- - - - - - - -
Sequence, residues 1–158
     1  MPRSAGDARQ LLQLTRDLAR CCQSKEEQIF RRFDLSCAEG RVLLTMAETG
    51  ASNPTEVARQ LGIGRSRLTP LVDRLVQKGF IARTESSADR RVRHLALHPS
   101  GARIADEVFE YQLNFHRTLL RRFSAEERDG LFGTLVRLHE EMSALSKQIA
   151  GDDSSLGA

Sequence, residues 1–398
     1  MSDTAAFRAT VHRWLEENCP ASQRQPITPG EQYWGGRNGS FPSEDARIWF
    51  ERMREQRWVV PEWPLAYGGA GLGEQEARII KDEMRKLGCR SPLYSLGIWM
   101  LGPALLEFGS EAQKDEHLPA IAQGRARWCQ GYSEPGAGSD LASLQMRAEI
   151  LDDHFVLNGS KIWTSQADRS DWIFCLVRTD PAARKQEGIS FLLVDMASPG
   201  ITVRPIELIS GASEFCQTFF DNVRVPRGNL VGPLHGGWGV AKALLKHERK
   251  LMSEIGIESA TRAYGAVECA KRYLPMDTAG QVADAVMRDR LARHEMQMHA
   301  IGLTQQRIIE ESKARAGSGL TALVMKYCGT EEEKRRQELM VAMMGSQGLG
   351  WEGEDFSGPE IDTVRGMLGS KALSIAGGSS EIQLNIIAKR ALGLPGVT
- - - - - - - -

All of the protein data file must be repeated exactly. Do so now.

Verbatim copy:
Sequence, residues 1–158
     1  MPRSAGDARQ LLQLTRDLAR CCQSKEEQIF RRFDLSCAEG RVLLTMAETG
    51  ASNPTEVARQ LGIGRSRLTP LVDRLVQKGF IARTESSADR RVRHLALHPS
   101  GARIADEVFE YQLNFHRTLL RRFSAEERDG LFGTLVRLHE EMSALSKQIA
   151  GDDSSLGA

Sequence, residues 1–398
     1  MSDTAAFRAT VHRWLEENCP ASQRQPITPG EQYWGGRNGS FPSEDARIWF
    51  ERMREQRWVV PEWPLAYGGA GLGEQEARII KDEMRKLGCR SPLYSLGIWM
   101  LGPALLEFGS EAQKDEHLPA IAQGRARWCQ GYSEPGAGSD LASLQMRAEI
   151  LDDHFVLNGS KIWTSQADRS DWIFCLVRTD PAARKQEGIS FLLVDMASPG
   201  ITVRPIELIS GASEFCQTFF DNVRVPRGNL VGPLHGGWGV AKALLKHERK
   251  LMSEIGIESA TRAYGAVECA KRYLPMDTAG QVADAVMRDR LARHEMQMHA
   301  IGLTQQRIIE ESKARAGSGL TALVMKYCGT EEEKRRQELM VAMMGSQGLG
   351  WEGEDFSGPE IDTVRGMLGS KALSIAGGSS EIQLNIIAKR ALGLPGVT